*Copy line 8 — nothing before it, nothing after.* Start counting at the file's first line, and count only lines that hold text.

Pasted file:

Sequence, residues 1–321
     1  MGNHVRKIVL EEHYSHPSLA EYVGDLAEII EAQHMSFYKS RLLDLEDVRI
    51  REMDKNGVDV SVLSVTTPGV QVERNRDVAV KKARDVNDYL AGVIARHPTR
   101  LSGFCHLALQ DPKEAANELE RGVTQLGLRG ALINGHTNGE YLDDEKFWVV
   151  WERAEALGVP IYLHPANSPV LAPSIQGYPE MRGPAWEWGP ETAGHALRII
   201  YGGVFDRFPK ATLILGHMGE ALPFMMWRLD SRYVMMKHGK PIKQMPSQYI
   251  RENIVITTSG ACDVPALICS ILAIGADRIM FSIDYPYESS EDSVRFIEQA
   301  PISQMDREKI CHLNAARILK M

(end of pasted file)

   301  PISQMDREKI CHLNAARILK M